When I joined LinkedIn in 2004 I was not in a situation where I personally needed to be found, but I did want my company to be found, so I invested in building my profile around my company. In 2015 that changed and I embarked on a completely different strategy.
Why did you look at py LinkedIn profile?
I get asked this question frequently and my answer is always the same:
Sorry, but I don’t remember
When I do research for my own activities or for my clients, LinkedIn is now the primary source of information on companies as well as on individuals. I therefore look at many companies and personal profiles on an almost daily basis. Unfortunately I cannot always remember why I looked at a particular profile and even if I could, then I usually cannot reveal exactly what the research mission is or was.
I could obviously hide my identity when doing research, but as you will see below I have no reason for doing so. Rather, it may be to my advantage to leave my footprint behind.
I get around 600 visits to my own profile on a weekly basis and I obviously don’t have the time to ask each of them why they looked at my profile. I also don’t see why I should ask – I welcome every visit irrespective of the reason. If people want to get in touch with me they can find my contact information on my LinkedIn profile and write me, tweet me or call me. (Quite a few people do so, which I enjoy – thank you!!)
Why are we on LinkedIn?
When LinkedIn opened the doors in May 2003 (I joined in January 2004) people didn’t know why they should join and how they should use the platform. Most treated LinkedIn as an electronic version of their current personal network and only connected with people they had met and knew from the physical world. I did that too until I asked myself the question “Why?”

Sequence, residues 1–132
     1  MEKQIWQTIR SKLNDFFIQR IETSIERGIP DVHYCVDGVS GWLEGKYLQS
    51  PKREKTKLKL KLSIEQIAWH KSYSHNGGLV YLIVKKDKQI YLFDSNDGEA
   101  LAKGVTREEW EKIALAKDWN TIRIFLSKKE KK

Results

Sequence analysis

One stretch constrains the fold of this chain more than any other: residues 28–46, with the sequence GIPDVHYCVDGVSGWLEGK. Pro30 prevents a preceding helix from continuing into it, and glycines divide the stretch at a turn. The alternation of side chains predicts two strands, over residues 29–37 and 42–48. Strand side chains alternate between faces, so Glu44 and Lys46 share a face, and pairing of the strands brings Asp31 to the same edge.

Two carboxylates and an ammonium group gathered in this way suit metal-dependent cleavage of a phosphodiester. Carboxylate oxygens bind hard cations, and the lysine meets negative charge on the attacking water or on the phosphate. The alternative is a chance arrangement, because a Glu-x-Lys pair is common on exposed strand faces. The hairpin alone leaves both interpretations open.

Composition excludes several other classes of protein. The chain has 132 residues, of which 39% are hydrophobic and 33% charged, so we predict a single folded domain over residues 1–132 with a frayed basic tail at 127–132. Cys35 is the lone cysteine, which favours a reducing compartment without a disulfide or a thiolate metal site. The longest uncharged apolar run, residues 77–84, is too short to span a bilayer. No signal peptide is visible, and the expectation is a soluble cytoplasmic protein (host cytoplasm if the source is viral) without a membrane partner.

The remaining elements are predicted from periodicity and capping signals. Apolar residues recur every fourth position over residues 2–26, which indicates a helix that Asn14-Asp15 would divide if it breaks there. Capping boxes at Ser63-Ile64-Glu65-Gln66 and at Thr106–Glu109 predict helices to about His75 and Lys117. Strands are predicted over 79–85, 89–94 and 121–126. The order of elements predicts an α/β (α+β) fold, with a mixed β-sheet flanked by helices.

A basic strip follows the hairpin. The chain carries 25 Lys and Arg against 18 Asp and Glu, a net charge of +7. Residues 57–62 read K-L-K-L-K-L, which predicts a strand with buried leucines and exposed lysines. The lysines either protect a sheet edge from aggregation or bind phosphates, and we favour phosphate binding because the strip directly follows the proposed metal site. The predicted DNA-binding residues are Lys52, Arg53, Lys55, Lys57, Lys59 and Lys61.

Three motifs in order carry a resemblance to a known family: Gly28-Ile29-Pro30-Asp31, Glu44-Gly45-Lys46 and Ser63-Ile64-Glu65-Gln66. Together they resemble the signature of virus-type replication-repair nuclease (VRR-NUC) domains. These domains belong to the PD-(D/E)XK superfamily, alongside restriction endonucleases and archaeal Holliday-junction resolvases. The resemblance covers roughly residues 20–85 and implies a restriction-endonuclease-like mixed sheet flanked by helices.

Why am I on LinkedIn and what do I want to achieve with my presence?
Asking this question led me to THE fundamental question:
Do I want to be found?
When I joined LinkedIn in 2004 I was not in a situation where I personally needed to be found, but I did want my company to be found, so I invested in building my profile around my company.
LinkedIn made me a bestselling author
In 2012 I published my first book and that changed my agenda completely. Now I really wanted to be found, so that my potential readers could find my book and read it (I didn’t, and still don’t, charge for my first book). As I write books for commercial professionals in the information technology and software industry, LinkedIn is probably the best place to be found without having to invest millions in promotional activities.
Optimizing my presence on LinkedIn with the objective of being found by commercial professionals in the information technology and software industry forced me to answer four additional questions:
- How do I make it easy for my potential readers to find me?
- What impression do I want to make on my visitors?
- What immediate value can I provide my visitors?
- What do I want my visitors to do after visiting my profile?
I now have a very clear strategy and plan for my LinkedIn activities that I will not share with you today, but I can tell you that it works extremely well. My recent book is an Amazon #1 bestseller and I can only thank LinkedIn for that.